The European Commission has proposed extending the suspension of customs duties on agricultural goods from Ukraine and Moldova for another year, announced Deputy President of the Commission, Margaritis Schinas, in a statement to reporters.
Originally, customs duties were lifted in 2022, as an effort to provide support to Kiev following the Russian military operation, especially since Ukraine had been largely cut off from its traditional shipping route through the Black Sea.
The current tariff exemption expires on June 5 for Ukraine and July 24 for Moldova, with the renewal extending until June 2025.
This move comes despite protests from farmers in several European Union countries regarding the influx of cheaper Ukrainian products into local markets.
In May 2023, five EU member states from Eastern Europe – Poland, Hungary, Romania, Bulgaria, and Slovakia – took a step to unilaterally ban imports of Ukrainian grains.
The European Commission acknowledges the negative impact of tariff suspension on several EU member states. To address these concerns, the Commission's recent proposal includes "swift remedial actions... in case of significant market disturbances in the European Union."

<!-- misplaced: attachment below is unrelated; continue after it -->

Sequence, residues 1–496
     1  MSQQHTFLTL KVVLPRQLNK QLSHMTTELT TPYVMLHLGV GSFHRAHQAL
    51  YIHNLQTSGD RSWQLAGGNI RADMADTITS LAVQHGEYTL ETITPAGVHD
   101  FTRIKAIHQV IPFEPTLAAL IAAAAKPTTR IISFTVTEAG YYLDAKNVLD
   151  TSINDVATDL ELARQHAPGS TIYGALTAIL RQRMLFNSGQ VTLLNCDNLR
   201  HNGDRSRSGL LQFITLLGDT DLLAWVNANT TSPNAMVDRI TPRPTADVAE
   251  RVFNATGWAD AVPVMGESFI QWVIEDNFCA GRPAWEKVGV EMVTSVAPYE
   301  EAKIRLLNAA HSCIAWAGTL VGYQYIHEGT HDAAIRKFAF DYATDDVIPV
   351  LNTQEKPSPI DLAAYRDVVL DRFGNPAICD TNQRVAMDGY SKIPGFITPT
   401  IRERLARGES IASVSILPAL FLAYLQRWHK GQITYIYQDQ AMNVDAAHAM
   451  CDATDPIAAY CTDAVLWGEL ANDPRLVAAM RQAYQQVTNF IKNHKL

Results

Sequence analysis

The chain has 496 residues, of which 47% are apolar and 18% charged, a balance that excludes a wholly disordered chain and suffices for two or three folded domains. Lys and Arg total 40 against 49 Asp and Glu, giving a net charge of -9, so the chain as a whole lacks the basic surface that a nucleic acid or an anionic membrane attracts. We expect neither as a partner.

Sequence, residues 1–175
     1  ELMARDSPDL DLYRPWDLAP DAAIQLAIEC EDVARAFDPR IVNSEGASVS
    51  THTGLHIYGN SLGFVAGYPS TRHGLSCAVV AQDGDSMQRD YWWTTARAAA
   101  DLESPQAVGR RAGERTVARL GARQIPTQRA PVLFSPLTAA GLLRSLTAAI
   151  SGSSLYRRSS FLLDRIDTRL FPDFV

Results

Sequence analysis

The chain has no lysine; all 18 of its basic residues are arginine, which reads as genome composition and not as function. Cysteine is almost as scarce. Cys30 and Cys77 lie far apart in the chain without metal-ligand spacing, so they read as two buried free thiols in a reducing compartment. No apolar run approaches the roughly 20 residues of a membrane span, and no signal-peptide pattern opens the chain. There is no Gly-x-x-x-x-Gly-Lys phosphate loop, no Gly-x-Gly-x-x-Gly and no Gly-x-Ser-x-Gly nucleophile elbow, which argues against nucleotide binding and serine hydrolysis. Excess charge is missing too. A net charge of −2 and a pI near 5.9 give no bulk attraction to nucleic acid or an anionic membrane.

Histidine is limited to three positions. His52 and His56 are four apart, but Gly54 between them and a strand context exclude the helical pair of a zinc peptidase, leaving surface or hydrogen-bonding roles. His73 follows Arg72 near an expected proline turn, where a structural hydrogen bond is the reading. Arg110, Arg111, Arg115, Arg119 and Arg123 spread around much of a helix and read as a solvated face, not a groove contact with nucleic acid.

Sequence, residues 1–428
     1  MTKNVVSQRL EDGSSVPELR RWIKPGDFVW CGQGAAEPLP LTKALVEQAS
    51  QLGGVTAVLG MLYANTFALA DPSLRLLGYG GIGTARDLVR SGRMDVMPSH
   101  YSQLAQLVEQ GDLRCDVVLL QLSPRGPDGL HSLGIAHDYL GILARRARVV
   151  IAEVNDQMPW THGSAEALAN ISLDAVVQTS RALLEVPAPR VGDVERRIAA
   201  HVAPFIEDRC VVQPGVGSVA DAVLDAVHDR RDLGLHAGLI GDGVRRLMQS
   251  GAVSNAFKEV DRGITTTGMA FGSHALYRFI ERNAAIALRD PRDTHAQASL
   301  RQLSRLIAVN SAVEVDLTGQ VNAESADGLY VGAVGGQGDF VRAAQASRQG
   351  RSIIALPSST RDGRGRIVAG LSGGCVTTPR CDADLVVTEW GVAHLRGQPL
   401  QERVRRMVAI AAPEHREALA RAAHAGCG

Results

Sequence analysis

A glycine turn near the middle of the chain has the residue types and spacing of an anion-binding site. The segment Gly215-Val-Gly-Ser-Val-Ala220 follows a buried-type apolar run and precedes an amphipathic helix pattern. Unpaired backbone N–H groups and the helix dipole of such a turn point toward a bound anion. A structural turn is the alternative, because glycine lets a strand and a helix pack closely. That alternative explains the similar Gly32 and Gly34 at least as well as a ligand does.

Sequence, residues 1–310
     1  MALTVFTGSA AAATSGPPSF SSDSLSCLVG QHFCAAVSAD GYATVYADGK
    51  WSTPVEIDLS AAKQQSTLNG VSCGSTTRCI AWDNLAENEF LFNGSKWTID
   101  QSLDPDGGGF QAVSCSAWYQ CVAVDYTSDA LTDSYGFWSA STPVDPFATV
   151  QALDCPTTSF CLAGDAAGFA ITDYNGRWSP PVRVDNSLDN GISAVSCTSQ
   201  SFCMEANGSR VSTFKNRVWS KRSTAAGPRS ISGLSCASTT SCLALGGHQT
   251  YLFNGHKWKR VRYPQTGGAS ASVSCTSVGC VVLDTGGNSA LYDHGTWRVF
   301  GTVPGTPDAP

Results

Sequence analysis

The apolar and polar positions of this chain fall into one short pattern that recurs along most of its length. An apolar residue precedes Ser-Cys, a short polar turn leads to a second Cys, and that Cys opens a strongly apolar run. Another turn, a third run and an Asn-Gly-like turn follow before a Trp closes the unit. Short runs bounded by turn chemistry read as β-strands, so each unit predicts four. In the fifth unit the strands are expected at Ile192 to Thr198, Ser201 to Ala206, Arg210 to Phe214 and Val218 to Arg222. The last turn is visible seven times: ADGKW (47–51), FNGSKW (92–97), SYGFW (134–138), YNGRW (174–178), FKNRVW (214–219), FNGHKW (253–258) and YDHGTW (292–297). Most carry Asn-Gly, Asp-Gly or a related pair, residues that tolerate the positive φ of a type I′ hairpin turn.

The press release further states that for the most sensitive products - poultry, eggs, and sugar - emergency brakes are expected to be introduced to stabilize imports at the average level of imports in 2022 and 2023.
This measure allows for the re-imposition of customs duties if imports of the mentioned goods exceed previous years' volumes.
Separately, Brussels has proposed another one-year, albeit partial, exemption from rules obligating farmers to leave a portion of their land fallow.
These measures are part of the European Union's Common Agricultural Policy, aimed at enhancing biodiversity.
The latest proposals will now be reviewed by the European Parliament and member states with the aim of adopting the measures by June, coinciding with the expiration of the current tariff suspension.